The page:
On March 8, as America began to contemplate the looming specter of the coronavirus in earnest, New York City mayor Bill de Blasio tweeted:
New Yorkers laughed off the bit about the subway—until social distancing became a way of life, there was no such thing as a New York City subway train that wasn’t packed during rush hour—but they took his bike-to-work advice more seriously. Days later, the New York City Department of Transportation reported a 50 percent surge in cycling over the East River bridges compared to the same time last year. Citi Bike also saw a 60 percent increase in ridership. Certainly, the warm weather and the extra hour of daylight from changing the clocks that weekend contributed to the bumper crop of cyclists, but plenty of people also cited coronavirus as the reason they chose to ride. One rider told the New York Post: “I feel better taking the bike... There are fewer hands touching these handlebars than the subway poles.”
This is by no means the first time people in major cities have turned to the bicycle in a crisis. When Hurricane Sandy knocked out the subway in 2012 and caused gas rationing, people rode bicycles. When the blackout of 2003 plunged New York City and huge swaths of the northeast into darkness, halting trains and causing mass gridlock, commuters scrambled for rental bikes. The bicycle has been a clutch player during transit strikes in New York, Philadelphia, London, and Paris. And on a personal note, during the chaos, confusion, and horror of 9/11, the bicycle got me where I needed to go. When the shit hits the fan, the bicycle is a powerful contingency plan.
But like a fire extinguisher or a first aid kit or anything else that can be useful in an emergency, lots of people take bicycles for granted, consigning them to some out-of-the-way spot in their homes and forgetting about them—if they even have them at all. When things are running smoothly there’s also the common misconception that the bicycle is not a practical mode of transportation: we’re told over and over again by the anti-bike-lane set that they’re no good in bad weather, or they’re only for the young and fit, or that they’re useless for carrying stuff which is why we all need to drive SUVs. Sure, all of this is demonstrably untrue—winter weather doesn’t stop people in Copenhagen, age doesn’t stop the Dutch, and you can easily carry your groceries with a cargo bike—but instead, pundits and blowhards reflexively dismiss the idea of riding a bike for anything other than recreation or fitness, and continue to characterize dedicated bicycle infrastructure as an indulgence and not a necessity.
Then there’s the most ironic criticism of bike lanes and other safety-oriented road designs: that they hinder emergency response. This is a myth that has been debunked time and time again. It’s personal cars that are the real liability in this regard; in New York City, the sight and sound of emergency vehicles stuck in motor vehicle traffic is so commonplace that people simply tune it out—there are so many videos of it happening that it’s practically its own film genre. I’ve never seen a fire engine stopped by a bicyclist, but I have seen one stuck behind a Fresh Direct truck.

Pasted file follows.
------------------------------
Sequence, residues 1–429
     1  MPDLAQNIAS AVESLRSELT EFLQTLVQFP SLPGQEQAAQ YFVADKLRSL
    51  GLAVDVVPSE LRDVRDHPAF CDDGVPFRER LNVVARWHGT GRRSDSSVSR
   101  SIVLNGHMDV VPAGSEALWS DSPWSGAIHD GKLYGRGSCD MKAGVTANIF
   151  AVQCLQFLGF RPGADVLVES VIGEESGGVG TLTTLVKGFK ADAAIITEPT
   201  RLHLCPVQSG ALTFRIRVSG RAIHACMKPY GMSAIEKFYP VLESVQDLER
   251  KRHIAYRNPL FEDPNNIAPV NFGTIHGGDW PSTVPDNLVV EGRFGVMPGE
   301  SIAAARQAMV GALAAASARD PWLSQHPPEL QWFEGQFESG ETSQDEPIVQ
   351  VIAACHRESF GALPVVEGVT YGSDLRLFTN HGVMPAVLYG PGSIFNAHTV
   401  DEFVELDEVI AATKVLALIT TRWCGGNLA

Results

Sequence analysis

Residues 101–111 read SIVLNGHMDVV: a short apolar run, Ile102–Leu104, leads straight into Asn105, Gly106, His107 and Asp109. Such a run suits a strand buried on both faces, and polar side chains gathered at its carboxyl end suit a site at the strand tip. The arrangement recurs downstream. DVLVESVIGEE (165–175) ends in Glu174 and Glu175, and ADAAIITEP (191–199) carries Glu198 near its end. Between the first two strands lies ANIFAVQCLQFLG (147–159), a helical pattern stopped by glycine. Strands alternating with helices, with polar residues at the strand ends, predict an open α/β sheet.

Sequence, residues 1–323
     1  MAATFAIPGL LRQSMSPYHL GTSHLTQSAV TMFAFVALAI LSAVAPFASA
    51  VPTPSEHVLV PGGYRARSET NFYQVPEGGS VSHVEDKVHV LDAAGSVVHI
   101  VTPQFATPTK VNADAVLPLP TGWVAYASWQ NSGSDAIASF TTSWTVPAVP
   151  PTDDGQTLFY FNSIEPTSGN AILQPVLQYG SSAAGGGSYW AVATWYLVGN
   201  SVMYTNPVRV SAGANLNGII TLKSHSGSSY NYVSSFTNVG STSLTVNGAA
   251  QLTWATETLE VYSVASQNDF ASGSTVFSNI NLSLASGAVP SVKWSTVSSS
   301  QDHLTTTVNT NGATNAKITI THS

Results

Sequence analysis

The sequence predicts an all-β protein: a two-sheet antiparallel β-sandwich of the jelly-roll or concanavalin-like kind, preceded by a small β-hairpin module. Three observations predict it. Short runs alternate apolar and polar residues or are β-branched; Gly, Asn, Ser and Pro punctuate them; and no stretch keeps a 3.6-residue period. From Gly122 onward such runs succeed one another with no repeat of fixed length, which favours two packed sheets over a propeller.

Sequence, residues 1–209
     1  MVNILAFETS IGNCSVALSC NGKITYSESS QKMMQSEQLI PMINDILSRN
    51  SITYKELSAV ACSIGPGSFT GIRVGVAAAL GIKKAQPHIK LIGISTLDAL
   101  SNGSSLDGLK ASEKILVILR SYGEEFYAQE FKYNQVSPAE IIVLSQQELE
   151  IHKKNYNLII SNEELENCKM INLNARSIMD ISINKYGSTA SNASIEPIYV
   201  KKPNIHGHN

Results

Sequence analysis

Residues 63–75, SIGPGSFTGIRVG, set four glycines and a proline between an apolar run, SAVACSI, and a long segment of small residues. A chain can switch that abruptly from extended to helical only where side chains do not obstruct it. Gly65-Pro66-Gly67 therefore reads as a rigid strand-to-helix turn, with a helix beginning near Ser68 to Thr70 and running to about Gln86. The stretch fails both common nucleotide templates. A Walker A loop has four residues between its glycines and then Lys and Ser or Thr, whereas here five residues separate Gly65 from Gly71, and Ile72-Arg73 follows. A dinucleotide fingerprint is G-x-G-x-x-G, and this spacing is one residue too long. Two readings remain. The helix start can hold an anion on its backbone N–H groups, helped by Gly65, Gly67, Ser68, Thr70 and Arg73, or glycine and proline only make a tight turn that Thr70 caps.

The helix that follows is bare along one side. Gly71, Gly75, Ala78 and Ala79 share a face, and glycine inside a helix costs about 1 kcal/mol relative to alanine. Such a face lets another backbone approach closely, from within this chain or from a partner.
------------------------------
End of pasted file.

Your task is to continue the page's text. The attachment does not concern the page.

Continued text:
In a crisis we see how backward this sort of reasoning is, because the fact is that, short of walking, there’s no more dependable mode of transportation than the bicycle. Sure, if it rains while you’re on your bike you’ll get wet, and pedaling through a blizzard might be a tall order, but you don’t know smugness until you’ve cycled past a gas line or schlepped a bunch of supplies to hurricane victims by cargo bike. It’s situations like these that expose the vulnerability of public transportation to disruption, and the sheer bovine unwieldiness of cars. And that’s not even addressing how indispensable a bicycle will be for the zombie apocalypse.
None of this is to say the bicycle is ever going to supplant public transit in a major city on a day-to-day basis, nor is it to imply that, should some calamity befall me, I’d prefer to be picked up in a Dutch cargo bike than an ambulance. However, the bicycle is a vital component in the fabric of any robust transportation system under any circumstances, and when another component of that system is strained or fails, the bicycle greatly enhances that system’s resiliency. Alas, now it seems other countries are going in the other direction: Madrid is suspending its bike share system, and Spain and Italy are banning leisure cycling in response to concerns about the virus (though as of now they’re still permitting cycling for essential transportation).
Amid this virus-related cycling boom, advocates in New York have been calling on the city to make additional provisions for people on bikes. Meanwhile, the city has limited bars and restaurants to take-out and delivery only. This will place even more pressure on New York City’s food delivery people who, as advocate Do Jun Lee points out, have already been suffering under de Blasio’s war on e-bikes and will now be sustaining many of New York City’s small businesses. In recognition of this, the mayor has ordered the NYPD to suspend e-bike enforcement.
As this pandemic compels us to consider the shortcomings of our healthcare system, the fragility of the economy, and our need for affordable healthcare, we should also give the bicycle its due. Even when you neglect it, it’s always there for you—all it ever needs is a little air in the tires.